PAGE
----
“In front of each of you is a pile of rice,” he said. “What I want you to do is to make the tallest cliff of rice that you can by scraping away the rice at the bottom of the pile with the toothpick. When you are done, what do you think the cliff will look like?”
“It will be just like a real cliff,” Peter confidently said. “It will go straight up.”
“I’m no so sure,” Mary countered. “I think it will be a lot slope-ier. It will probably lean over more.”
“Well, there’s only one way to find out,” her father said. “Start scraping!”
What do you think will happen? Try the experiment yourself!
The two started scraping at the base of their rice piles. But as soon as they would start to build up a small cliff, the bottom would slide out and a small cascade of rice would flow down, turning the vertical wall into a horizontal slope. After a few minutes of diligent scraping, Peter tossed down his toothpick in disgust.
“I give up!” he declared. “The rice won’t make a cliff! It is even worse than what we saw on TV!”
“Peter’s right,” Mary agreed. “You can’t make a tall cliff out of rice.”
“You are both right,” her father said. “You can’t make a tall cliff out of rice and you can’t make a skyscraper out of sand. And in both cases, the reason is the same.”
“It is?” Mary asked.
“Yes,” her father replied. “What is happening is that every stack of stuff is a balance of two things. There is gravity, which is pushing down on all the parts of it and there is cohesiveness which is trying to keep everything together. When gravity pushed on the center of a pile of rice or a cliff or a skyscraper, the force is straight down. That creates pressure on the grains of rice which gets bigger as you go deeper into the pile. The rice on top feels very little pressure while the rice at the bottom feels a lot. If the pressure on a grain of rice is about the same as the pressure on the grains around it, everything is stable and nothing moves. But if the pressure is lower on one side, then things naturally try to move in that direction. And when the difference in pressure is greater than the cohesiveness, then -”
“You get a landslide!” Mary exclaimed.
“That’s right!” her father agreed. “If you watched carefully during your experiment, then you probably saw that the rice-slides only happened on the side where you were scraping. That was because that was the only side where the pressure was changing.”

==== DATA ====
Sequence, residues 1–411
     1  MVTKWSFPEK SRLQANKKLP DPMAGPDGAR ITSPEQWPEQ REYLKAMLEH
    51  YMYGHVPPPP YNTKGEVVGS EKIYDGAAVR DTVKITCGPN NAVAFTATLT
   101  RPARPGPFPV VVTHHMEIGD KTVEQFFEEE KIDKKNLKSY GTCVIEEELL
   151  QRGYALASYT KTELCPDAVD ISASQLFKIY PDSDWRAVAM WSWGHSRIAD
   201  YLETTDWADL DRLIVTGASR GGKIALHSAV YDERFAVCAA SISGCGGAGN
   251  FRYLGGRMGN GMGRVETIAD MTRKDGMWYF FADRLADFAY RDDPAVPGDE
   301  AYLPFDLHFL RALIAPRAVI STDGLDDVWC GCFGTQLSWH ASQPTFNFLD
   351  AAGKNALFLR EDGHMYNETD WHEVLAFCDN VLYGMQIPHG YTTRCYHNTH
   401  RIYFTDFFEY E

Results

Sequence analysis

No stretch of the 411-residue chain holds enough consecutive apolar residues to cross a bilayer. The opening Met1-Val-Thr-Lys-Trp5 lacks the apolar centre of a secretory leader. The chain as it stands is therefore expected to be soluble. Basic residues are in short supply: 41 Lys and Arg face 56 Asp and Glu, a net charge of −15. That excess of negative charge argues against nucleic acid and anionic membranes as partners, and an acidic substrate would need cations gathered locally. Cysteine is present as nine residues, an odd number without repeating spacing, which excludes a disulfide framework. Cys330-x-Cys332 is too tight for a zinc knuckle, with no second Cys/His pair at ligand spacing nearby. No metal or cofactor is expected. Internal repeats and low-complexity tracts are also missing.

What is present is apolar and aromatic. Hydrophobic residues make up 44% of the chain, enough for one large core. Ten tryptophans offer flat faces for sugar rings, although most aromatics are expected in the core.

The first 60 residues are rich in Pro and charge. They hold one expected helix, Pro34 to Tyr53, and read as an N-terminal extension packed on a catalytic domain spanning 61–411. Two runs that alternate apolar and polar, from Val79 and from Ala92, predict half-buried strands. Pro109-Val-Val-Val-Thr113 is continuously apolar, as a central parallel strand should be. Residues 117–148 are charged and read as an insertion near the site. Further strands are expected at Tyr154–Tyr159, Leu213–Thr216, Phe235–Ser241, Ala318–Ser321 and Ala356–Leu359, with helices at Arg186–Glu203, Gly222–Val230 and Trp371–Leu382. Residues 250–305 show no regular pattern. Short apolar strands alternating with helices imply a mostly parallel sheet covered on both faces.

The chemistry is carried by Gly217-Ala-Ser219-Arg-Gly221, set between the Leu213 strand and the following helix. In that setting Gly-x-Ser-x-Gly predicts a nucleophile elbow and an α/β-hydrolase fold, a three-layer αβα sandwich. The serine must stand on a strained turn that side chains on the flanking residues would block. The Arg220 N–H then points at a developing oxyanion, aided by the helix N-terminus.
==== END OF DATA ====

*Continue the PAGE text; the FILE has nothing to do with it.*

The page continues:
“Oh!” Peter said with a look of sudden understanding. “And that’s why the cliffs were falling. When the water eroded enough of the base, the pressure from the dirt piled up in the cliff was more than the strength of the stuff holding the cliff together and – pow! – we got a landslide!”
“That’s right. And that should also tell you why you can’t build a twenty story cliff of rice or a two hundred story cliff of sand,” Mary’s father said.
“Because rice isn’t as strong as sand and that’s not as strong as the steel in a skyscraper!” Mary said. “But why could Peter’s mother have told us this, too?”
“Because she works with planets,” her father replied. “And the one part of the definition of a planet that everyone agrees on is that they are round thanks to their own gravity.”
“I don’t get it,” Peter said.
“Imagine that you are building a cliff of sand,” Mary’s father said. “What happens if it gets too tall?”
“Some of it collapses,” Peter said.
“OK, now imagine that you’ve got a pile of sand as big as a planet,” Mary’s father said. “What happens to that cliff?”
“It will collapse,” Mary said.
“And if the cliffs that creates are too tall?”
“Then they will collapse too,” Peter said.
“And what happens if you keep doing that all around the planet-sized sand pile?” Mary father asked.
“I get it!” Mary said. “No matter where you look, the sand piles can only be so tall. And that means that everywhere you look, everything is about the same distance from the center of the planet. And that makes it -”
“Round!” Peter and Mary chorused together.
“That’s right,” Mary’s father said. “And now, if you two will clean up your budding planets and if Peter will call his mother, we can eat dinner.”
With that reminder, Peter’s stomach once more rumbled threateningly and all three laughed as they set the table for dinner.